Food security as defined by the FAO is when all people, at all times, have physical, social and economic access to sufficient, safe and nutritious food that meets their dietary needs and food preferences for an active and healthy life. The four pillars of food security are availability, access, utilisation and stability.
The proliferation and spread of insect pests does not bode well for food security in a world of nine billion people increasingly subject to a rapidly changing climate. The Food and Agricultural organisation of the United Nations sees transboundary plan pests affecting food crops as one of the biggest threats to global food security, with globalisation, trade, climate change and reduced resilience in production systems all playing a part in creating food insecurity. International traffic and supply chains has made the transmission of pests across oceans and other natural barriers increasingly probably at scale something already observed by researchers at the University of Exeter. Scientists from Exeter university have found that more than one in ten of all pest types can already be found in half the countries that grow the host plant, with the UK already having more than half of all pests which could flourish in the country already present.
Dr Bebber notes that “if crop pets continue to spread at current rates, many of the world’s biggest crop producing nations will be inundates by the middle of the century, posing a grave threat to global food security”, this threat is echoed by the FAO noting that the threat to crop production plant pests pose in one of the key factors which could destabilise global food security. Dr Bebbers team has found that the trend towards pest saturation has increased steadily since the 1950s, if the trend continues at its current pace by 2050 farmers in Western Europe will have reached saturation point, with almost all pests that their crops can support being present.
This profusion of plant pests is a serious threat to our complex global supply chains, take a biscuit as an example; the sugar may come from the Caribbean, coco from South America, Whey from New Zealand, milk and wheat from the EU, palm oil from Southeast Asia, calcium sulphate from India and salt from China, our food is truly global. Look further to the UK figures for farm-gate value of unprocessed foods in 2015, the UK supplied 52% of the food consumed in the UK, with 48% coming from the global supply chain.
While sourcing our food stuffs from a diverse range of countries can enhance food security as the shocks and surprises in food production networks do not equally affect every country at once, Dr Bebbers studies should bring cause for concern. The rapid profusion and spread of insect pests makes the risks to food security global.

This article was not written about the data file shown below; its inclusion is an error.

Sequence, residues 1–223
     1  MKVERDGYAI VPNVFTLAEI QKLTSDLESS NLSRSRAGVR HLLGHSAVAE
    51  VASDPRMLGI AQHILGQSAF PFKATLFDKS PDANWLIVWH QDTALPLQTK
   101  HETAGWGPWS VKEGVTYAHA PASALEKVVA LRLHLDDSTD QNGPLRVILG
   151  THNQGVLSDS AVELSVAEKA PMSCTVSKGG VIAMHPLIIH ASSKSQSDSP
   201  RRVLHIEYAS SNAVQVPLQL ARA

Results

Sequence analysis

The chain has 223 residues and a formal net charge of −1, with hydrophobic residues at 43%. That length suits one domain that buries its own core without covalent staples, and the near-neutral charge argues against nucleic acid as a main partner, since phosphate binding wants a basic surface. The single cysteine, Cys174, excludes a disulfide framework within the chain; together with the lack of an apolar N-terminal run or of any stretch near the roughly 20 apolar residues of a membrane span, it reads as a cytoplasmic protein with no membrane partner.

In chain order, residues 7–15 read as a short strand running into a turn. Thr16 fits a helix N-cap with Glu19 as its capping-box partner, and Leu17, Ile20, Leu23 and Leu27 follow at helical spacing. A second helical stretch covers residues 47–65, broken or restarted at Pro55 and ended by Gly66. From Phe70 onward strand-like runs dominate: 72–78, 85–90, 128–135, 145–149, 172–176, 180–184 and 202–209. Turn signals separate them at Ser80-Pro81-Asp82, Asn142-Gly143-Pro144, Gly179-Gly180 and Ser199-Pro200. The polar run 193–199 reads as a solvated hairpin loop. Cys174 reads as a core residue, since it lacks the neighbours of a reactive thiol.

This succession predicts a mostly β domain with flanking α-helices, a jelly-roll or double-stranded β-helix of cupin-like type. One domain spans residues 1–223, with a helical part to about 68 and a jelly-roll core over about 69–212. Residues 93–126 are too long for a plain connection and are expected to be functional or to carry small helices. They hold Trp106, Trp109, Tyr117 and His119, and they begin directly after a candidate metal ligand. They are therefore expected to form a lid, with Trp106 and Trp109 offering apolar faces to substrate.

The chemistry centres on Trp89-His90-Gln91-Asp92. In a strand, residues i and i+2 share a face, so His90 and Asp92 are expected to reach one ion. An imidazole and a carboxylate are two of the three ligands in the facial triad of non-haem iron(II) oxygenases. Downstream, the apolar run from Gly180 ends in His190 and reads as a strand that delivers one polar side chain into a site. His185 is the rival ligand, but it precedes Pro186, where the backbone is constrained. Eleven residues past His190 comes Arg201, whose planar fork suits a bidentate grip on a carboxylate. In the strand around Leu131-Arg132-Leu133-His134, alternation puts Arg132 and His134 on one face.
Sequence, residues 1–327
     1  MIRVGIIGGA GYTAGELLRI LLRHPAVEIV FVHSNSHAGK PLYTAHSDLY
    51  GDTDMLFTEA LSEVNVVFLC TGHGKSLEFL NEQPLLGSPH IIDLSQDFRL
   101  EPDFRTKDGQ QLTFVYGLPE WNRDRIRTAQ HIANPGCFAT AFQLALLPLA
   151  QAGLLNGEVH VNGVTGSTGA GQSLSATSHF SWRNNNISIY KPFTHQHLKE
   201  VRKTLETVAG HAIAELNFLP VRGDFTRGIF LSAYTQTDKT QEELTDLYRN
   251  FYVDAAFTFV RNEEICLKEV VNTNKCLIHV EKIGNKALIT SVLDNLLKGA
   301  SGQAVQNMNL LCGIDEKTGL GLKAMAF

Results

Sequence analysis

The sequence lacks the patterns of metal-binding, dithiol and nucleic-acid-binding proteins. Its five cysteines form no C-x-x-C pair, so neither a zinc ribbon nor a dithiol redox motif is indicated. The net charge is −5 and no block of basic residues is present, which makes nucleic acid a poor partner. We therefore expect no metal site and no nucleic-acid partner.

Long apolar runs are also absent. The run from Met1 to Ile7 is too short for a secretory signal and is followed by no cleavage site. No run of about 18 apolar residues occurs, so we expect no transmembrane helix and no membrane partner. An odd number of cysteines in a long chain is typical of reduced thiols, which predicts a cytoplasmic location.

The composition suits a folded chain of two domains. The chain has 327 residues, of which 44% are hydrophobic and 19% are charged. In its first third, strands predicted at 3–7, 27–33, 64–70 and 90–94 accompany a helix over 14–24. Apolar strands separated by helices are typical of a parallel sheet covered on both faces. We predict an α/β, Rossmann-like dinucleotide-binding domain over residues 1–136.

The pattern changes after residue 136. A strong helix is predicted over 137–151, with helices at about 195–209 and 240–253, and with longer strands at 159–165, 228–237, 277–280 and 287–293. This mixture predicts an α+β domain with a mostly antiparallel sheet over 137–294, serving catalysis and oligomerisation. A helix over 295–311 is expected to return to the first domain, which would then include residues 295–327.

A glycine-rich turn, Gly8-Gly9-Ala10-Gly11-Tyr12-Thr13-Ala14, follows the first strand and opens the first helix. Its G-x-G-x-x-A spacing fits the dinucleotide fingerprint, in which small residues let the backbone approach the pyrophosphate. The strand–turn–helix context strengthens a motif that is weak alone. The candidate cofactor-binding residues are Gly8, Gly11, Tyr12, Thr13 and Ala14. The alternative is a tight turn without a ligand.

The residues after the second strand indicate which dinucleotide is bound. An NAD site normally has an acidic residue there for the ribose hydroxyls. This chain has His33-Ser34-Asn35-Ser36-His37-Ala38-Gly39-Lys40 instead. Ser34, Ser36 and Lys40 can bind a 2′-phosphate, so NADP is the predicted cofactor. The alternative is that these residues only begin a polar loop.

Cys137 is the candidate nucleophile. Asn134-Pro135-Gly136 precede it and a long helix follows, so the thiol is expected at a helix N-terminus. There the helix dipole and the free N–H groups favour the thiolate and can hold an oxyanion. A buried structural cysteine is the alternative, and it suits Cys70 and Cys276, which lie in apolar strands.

To fully understand the risks posed by insect pests to global food security we should consider a few examples;
The Desert Locust (Schistocerca Gregaria): A pest known since biblical times, they can strip a field bare in an hour. A single locust can east its own weight every day, with a swarm of one million that’s a tonne of food each day, the larger swarms plaguing Africa, the Near East and Southwest Asia can consume over 100,000 tonnes each day, enough to feed tens of thousands of people for a year, gone in a day. This pest in particular poses a threat to the livelihoods of one tenth of the world’s population.
The Mountain Pine Beetle (Dendroctonus Ponderosae): While this pest does not consumer food stuffs it is a veracious destroyer of Canadas pine forests, currently they have removed 13 million hectares of lodgepole pine forests, releasing 270 million tonnes of carbon, converting the forests from a carbon sink to a large net carbon source. With a changing climate wood boring, pests like the Mountain Pine Beetle, will have increased survival in the winter months, possibly enabled to produce an extra generation in the summer. Northern Forests are viewed as a bastion against climate change, however the increasing number and spread of wood boring pests puts the forests in peril.
The Colorado Potato Beetle (Leptinotarsa Decemlineata): Over the past 50 years this beetle has developed resistance to 52 different compounds from all major insecticide classes, including cyanide. Where human chemists are losing the battle, natural predators must be employed as a biocontrol strategy, bringing further implications for the stability of ecosystem with it.
The above are only three, present across the globe are many. Pest are an ever present, ever growing threat to global food security. With many countries reliant upon complex global supply chains for their food if proper systems and solutions are lacking our global food producers could fall like dominos. The issue of insect pests is compounded by the changing climate.
But what can be done?
Take the 2012 Desert Locust threat in the Sahel, controlled thanks to a contribution of $8.2 million and a decade of strengthening national capacities and regional coordination in the framework of the FAO Emergency Prevention System (EMPRES).
The solutions are there and certainly can be found if three principle criterium are met: Political will, funding and cooperation.
As our food is truly global, we must think on a global scale when ensuring national food security, cooperative organisations such as the United Nations are leading the way to product our global food supply and should be supported in their efforts.